In a world that is inundated with data, introducing Machine Learning can help companies stay ahead of the curve by boosting efficiency and improving their decision-making.
In this blog, we will dive beyond the buzzwords and explore the concepts that underpin machine learning.
Machine learning is a subfield of Artificial Intelligence (AI) that involves the development of algorithms and models. These algorithms provide computers with the ability to learn for themselves through data, rather than being explicitly programmed.
Here, we attempt to put in a nutshell, the end-to-end process of building an ML model.
- Understanding the Problem
Before anything else, make sure you have a clear definition of the expected outcome.
Some questions to ask yourself to help define a solution are as follows:
- What are you trying to model?
- Are there any ethical considerations surrounding the problem? For example, are there any biases present in the training data?
- Can an incorrect prediction have a significant negative impact? If so, should any predictions be made?
- Training time vs prediction time? Do you need a model with a fast prediction time, but the training time is not of huge importance? An example of this could be a self-driving car.
- How important is explainability? If the model makes accurate predictions, but you are unable to explain how exactly it is doing so, does it still satisfy the aim of the problem?
The answers to all of these questions should help guide your choice of which machine learning models are suitable.
- Understanding the Data Available
The phrase “garbage in, garbage out” is the mantra of machine learning.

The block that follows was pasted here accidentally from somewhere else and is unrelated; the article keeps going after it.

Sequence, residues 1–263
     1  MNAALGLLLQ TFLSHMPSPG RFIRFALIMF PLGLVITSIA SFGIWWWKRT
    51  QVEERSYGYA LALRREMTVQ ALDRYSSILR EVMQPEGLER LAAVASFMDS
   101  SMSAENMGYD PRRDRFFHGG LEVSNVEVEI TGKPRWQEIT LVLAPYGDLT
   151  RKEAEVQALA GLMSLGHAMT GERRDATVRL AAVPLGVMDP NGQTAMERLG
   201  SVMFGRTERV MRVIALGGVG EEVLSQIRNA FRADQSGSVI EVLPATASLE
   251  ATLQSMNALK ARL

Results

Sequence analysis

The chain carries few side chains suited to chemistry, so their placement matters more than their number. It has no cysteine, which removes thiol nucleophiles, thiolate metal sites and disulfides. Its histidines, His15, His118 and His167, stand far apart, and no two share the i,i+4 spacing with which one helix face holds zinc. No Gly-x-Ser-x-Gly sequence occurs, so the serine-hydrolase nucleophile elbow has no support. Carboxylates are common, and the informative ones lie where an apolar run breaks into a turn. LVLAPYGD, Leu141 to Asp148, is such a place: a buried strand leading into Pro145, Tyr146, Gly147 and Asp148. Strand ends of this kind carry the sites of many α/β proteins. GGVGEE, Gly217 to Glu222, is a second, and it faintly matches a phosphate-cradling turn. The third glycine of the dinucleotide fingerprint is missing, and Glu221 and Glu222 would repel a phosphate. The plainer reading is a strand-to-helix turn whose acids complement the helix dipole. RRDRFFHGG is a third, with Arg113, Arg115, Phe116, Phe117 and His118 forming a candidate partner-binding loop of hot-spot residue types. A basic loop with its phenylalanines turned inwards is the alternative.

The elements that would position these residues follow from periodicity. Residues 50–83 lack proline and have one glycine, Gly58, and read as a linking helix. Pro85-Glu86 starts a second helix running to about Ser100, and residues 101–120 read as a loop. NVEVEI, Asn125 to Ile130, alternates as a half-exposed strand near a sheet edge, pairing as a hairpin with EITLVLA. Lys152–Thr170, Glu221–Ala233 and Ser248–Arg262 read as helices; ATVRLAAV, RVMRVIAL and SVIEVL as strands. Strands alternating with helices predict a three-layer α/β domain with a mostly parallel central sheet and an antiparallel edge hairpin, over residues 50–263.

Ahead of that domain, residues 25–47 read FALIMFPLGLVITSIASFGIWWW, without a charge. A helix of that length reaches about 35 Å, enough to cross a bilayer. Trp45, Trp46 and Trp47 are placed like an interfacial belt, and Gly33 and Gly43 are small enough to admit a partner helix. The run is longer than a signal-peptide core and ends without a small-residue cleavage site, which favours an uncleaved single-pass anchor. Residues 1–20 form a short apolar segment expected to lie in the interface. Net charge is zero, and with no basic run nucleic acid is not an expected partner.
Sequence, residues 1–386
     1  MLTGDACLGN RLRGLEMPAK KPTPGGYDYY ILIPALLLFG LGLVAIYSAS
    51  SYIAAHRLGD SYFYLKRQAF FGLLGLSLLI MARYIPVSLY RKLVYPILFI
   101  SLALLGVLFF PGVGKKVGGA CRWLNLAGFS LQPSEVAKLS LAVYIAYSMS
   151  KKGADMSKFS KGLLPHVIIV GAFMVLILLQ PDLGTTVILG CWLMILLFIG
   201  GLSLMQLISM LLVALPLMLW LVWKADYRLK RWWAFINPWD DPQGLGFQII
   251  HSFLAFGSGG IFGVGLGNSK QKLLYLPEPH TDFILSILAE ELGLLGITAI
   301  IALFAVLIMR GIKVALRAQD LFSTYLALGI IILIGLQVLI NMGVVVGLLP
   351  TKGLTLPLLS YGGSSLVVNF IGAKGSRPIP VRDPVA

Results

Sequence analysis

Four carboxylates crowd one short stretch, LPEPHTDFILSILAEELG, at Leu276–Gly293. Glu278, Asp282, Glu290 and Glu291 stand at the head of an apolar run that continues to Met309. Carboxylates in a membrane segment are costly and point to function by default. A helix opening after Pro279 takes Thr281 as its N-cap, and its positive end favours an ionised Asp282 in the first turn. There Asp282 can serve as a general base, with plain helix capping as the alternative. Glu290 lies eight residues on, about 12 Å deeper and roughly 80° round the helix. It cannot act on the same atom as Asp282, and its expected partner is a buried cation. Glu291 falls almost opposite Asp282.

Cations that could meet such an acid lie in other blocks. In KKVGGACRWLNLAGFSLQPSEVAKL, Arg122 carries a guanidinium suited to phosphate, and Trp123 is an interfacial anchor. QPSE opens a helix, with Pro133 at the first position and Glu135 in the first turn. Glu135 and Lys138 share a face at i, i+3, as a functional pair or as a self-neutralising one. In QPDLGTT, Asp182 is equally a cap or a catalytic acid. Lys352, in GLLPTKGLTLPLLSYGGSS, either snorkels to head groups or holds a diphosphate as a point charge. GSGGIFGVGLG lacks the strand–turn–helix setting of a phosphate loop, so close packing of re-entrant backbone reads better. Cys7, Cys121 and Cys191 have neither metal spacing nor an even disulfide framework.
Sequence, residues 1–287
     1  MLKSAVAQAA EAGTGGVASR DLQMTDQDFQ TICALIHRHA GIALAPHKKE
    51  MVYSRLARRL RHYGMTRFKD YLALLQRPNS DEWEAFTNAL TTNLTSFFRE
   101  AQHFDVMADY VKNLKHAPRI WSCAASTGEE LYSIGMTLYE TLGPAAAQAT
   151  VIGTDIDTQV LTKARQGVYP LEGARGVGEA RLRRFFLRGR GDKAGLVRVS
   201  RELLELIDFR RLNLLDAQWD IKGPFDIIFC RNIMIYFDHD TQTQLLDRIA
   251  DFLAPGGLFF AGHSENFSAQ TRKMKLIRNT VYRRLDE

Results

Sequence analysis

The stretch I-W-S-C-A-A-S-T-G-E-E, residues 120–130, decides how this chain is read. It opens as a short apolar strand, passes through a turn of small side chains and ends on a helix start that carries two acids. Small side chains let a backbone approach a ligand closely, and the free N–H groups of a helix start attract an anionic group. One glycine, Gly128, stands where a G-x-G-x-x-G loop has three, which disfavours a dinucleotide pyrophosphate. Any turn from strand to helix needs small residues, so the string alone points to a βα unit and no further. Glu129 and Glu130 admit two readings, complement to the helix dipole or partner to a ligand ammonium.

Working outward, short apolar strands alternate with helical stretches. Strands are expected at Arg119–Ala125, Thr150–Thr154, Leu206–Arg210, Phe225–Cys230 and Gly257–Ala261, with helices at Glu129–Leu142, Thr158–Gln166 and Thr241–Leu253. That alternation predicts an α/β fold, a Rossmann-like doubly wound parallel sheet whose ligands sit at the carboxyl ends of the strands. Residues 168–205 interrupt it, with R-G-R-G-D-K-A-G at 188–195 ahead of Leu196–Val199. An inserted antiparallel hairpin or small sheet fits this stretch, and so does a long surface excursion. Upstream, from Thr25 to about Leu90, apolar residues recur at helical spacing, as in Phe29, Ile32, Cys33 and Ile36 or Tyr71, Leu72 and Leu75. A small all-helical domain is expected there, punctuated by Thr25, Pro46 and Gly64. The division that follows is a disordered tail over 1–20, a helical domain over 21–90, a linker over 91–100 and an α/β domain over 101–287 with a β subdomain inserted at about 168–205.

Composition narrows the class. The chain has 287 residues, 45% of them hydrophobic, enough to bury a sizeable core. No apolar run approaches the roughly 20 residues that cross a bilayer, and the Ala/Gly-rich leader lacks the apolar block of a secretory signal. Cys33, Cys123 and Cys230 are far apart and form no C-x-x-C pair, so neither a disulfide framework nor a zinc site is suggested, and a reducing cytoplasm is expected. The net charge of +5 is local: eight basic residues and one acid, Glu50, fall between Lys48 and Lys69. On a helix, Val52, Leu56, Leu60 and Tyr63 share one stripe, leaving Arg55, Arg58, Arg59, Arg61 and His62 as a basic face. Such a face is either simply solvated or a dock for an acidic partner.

Spending time cleaning and transforming your raw data into a suitable format is a crucial step in the process.
- Types of Machine Learning
Once the goal and the data available has been established, the ML models that are applicable will have been significantly narrowed down.
There are two common types of Machine Learning; Supervised Learning and Unsupervised Learning which work on different types of data and solve different types of challenges.
- Supervised learning: A model is trained on a labelled dataset, where the input data is paired with the corresponding outputs.
- Unsupervised Learning: A model is given unlabelled data and can uncover hidden patterns within the data.
- Common Algorithms
Depending on the problem, here are a few examples of common ML techniques:
|Support Vector Machines (SVM)
|Principal Component Analysis
- Model Evaluation
Once you have selected a few candidate models, the next step is to fit them to the data and measure the performances.
One way to evaluate the performance of a model is by using Cross-validation. Cross-validation uses different portions of the data to test and train a model on different iterations, and the results are combined at the end, giving an idea of how well the model would perform on unseen data.
It is important in the validating and testing stage to identify whether the model is overfitting or underfitting the data. Overfitting is where the model learns the training data too well (including noise in the training data), and performs poorly when generalizing to unseen data. Underfitting is where a model is too simple and is unable to capture underlying patterns in the training data (for example, using a linear model when the relationship is not a linear one).
Hyperparameter Tuning is an important consideration when trying to boost model performance. Each algorithm has it’s own set of hyperparameters, and hyperparameter tuning involves finding the combination that optimises the model’s performance.
Machine learning is a powerful field, and keeping up to date in the latest advancements and best practices is crucial for practitioners. Additionally, understanding the specific needs and challenges of the problem at hand is essential for selecting the most appropriate machine learning technique.